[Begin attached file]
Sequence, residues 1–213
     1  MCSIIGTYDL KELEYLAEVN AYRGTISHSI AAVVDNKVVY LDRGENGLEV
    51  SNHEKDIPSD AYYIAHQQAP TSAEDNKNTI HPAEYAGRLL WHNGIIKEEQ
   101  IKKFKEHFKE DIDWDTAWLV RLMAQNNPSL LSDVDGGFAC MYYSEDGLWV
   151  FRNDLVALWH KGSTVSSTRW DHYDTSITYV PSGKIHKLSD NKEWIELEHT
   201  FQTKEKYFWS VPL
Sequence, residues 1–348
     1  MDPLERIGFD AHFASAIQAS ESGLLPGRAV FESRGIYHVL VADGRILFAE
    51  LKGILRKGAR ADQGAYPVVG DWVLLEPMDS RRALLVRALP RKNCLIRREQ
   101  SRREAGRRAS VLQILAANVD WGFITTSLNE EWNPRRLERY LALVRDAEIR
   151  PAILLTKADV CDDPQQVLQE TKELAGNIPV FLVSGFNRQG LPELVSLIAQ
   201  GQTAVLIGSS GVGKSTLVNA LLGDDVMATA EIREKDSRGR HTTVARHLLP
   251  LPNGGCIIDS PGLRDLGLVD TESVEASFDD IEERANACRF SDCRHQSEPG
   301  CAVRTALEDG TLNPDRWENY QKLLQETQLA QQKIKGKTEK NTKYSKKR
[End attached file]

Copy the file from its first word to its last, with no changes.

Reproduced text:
Sequence, residues 1–213
     1  MCSIIGTYDL KELEYLAEVN AYRGTISHSI AAVVDNKVVY LDRGENGLEV
    51  SNHEKDIPSD AYYIAHQQAP TSAEDNKNTI HPAEYAGRLL WHNGIIKEEQ
   101  IKKFKEHFKE DIDWDTAWLV RLMAQNNPSL LSDVDGGFAC MYYSEDGLWV
   151  FRNDLVALWH KGSTVSSTRW DHYDTSITYV PSGKIHKLSD NKEWIELEHT
   201  FQTKEKYFWS VPL
Sequence, residues 1–348
     1  MDPLERIGFD AHFASAIQAS ESGLLPGRAV FESRGIYHVL VADGRILFAE
    51  LKGILRKGAR ADQGAYPVVG DWVLLEPMDS RRALLVRALP RKNCLIRREQ
   101  SRREAGRRAS VLQILAANVD WGFITTSLNE EWNPRRLERY LALVRDAEIR
   151  PAILLTKADV CDDPQQVLQE TKELAGNIPV FLVSGFNRQG LPELVSLIAQ
   201  GQTAVLIGSS GVGKSTLVNA LLGDDVMATA EIREKDSRGR HTTVARHLLP
   251  LPNGGCIIDS PGLRDLGLVD TESVEASFDD IEERANACRF SDCRHQSEPG
   301  CAVRTALEDG TLNPDRWENY QKLLQETQLA QQKIKGKTEK NTKYSKKR